Vocational education reduces youth unemployment

Countries with good youth employment provide their students with a practical education. Germany, for example, “has a long tradition of high-quality vocational education and apprenticeships…”

“Employers [in nine countries] are awash with applications—but complain that they cannot find candidates with the right abilities. … Middle-sized firms (between 50 and 500 workers) have an average of 13 entry-level jobs empty.”

“Many countries are now trying to bridge the gap between education and work by upgrading vocational schools, encouraging standard schools to form closer relations with local companies, and embracing apprenticeships.”

Russell Mead asks “College: What’s the Point?“:

“As nearly half of young American college grads work in jobs that don’t require a bachelor’s degree while struggling to pay off crushing student debt, lawmakers and educators are beginning to ask a critical question: What is college for?

“… as more students graduate without employment prospects, the notion that universities should spend more time on practical training in marketable skills has begun to take hold.”

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Vocational schools lead to good jobs

Starting salaries about $45,000, no college tuition, no student debt. That is why more and more kids are deciding to go to vocational schools instead of traditional schools.

“I can make as much money as someone going to college, coming straight out of high school, and I don’t have to pay for college loans or anything like that,” said a student at Pathfinder Regional, a Massachusetts vo-tech school.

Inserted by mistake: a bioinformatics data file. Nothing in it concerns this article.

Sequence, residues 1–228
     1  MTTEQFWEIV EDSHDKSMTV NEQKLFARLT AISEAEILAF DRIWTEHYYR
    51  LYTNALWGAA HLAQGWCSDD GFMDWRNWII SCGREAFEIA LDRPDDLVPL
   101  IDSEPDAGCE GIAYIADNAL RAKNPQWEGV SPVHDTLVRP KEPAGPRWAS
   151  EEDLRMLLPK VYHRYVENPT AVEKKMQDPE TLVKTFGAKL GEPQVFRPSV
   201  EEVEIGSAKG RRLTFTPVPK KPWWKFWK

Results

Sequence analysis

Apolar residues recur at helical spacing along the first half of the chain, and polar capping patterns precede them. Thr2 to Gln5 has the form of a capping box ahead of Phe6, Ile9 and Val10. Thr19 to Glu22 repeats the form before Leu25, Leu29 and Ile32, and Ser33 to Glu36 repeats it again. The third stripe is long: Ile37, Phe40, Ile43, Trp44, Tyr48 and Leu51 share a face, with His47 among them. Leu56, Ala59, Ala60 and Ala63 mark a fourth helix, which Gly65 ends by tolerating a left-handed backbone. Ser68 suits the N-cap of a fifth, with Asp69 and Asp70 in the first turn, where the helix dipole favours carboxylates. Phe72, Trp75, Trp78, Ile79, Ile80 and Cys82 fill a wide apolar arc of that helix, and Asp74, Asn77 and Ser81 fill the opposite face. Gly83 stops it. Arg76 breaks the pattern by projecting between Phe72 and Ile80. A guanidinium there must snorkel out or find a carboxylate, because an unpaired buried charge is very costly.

Kids used to go to college to avoid working minimum-wage jobs in factories. But nowadays kids are going to vocational school to get high-tech factory jobs working with computer programs and robotics.

A couple of weeks ago I noted a Wall Street Journal report that there were 284,000 college graduates in minimum wage jobs in 2012. That’s not a problem for Pathfinder Regional graduates. Every one of them found a good job.

College graduates in minimum wage jobs

The Wall Street Journal reports that there were 284,000 college graduates in minimum wage jobs in 2012. And 37,000 of those even had advanced degrees.

I have been saying for years that many, perhaps even most, kids would be much better off learning a marketable trade instead of going to college. Learn electricity, plumbing, welding or any other valuable skill and there will be a high demand for your services and you can make a good career for yourself.